They’ve pressed pause.

Christchurch City councillors were informed earlier this week in an email about the decision to halt development of Tarras Airport from the council’s investment company, Christchurch City Holdings Ltd (CCHL).

Christchurch Airport CEO Justin Watson informed CCHL about the decision to delay further action, saying more time was needed to assess the Central Otago project’s impacts and to consult with local and national stakeholders.

Of the call, Queenstown Airport boss Glen Sowry says ‘‘commonsense has prevailed’’.

Noting central to Queenstown Airport’s masterplan is aligning with sustainable tourism aspirations of the regions the airport serves, Sowry says Christchurch plays an important role serving as the main gateway into the South Island, with good long-haul international connectivity.

‘‘Queenstown Airport is very clear about the role we play in providing excellent domestic and short-haul international connections to the east coast of Australia.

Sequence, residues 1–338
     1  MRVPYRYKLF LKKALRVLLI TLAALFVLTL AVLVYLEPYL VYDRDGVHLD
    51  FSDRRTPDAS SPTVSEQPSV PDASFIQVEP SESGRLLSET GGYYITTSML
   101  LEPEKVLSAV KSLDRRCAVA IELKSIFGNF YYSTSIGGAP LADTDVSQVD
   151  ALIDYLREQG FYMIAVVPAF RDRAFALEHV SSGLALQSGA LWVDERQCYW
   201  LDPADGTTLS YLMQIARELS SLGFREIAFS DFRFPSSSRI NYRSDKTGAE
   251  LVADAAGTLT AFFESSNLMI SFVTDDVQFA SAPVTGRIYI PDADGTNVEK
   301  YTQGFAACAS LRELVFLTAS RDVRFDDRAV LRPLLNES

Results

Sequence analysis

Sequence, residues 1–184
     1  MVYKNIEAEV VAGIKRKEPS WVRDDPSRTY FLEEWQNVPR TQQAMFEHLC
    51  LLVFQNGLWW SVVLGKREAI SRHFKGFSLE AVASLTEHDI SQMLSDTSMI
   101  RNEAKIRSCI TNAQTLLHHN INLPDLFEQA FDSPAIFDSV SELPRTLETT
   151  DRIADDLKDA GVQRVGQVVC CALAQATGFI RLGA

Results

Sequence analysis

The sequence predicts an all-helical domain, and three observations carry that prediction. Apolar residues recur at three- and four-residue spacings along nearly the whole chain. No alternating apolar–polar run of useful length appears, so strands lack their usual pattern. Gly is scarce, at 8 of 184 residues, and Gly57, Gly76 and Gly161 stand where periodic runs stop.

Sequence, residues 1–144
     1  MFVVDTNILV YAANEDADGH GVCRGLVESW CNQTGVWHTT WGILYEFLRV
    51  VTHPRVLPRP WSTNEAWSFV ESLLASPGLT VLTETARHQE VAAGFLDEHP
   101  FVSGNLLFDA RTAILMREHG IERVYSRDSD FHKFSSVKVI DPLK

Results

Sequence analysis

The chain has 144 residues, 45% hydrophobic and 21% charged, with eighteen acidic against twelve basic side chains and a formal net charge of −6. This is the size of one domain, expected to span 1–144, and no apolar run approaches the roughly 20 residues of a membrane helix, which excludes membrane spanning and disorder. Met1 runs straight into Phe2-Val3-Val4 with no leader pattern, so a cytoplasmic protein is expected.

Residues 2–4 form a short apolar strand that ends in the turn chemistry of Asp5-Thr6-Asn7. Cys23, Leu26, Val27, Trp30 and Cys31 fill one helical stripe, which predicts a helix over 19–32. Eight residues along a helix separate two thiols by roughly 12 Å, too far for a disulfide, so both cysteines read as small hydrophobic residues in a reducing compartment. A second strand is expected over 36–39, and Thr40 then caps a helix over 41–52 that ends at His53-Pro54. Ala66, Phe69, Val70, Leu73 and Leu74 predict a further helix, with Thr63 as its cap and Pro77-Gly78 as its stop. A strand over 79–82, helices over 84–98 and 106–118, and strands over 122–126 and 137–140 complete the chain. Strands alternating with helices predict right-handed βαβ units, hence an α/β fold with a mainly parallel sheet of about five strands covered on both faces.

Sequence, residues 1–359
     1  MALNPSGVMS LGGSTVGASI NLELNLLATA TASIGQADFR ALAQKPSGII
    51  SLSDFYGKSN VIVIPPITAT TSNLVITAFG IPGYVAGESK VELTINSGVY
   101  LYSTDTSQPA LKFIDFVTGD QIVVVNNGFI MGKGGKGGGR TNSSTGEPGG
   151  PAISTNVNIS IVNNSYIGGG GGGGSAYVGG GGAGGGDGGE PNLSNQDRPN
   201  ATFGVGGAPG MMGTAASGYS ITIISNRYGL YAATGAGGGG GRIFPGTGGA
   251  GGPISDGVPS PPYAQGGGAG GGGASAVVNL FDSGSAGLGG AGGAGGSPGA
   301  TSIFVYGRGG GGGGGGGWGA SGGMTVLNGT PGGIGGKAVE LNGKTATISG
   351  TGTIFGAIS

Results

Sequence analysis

‘‘I believe that Christchurch and Queenstown airports’ respective strengths and market positions complement each other.’’

For several years, Christchurch Airport has been investigating the potential airport at Tarras — north of Cromwell and home to just a few hundred people — where it owns 800 hectares of land.

But Christchurch City Council had also raised concerns with CCHL about the amount of time and money being spent on the airport project, and outlined it would be unable to commit to further investment because of cost pressures.

Subsequently, the Christchurch Airport board opted to slow momentum on the project.

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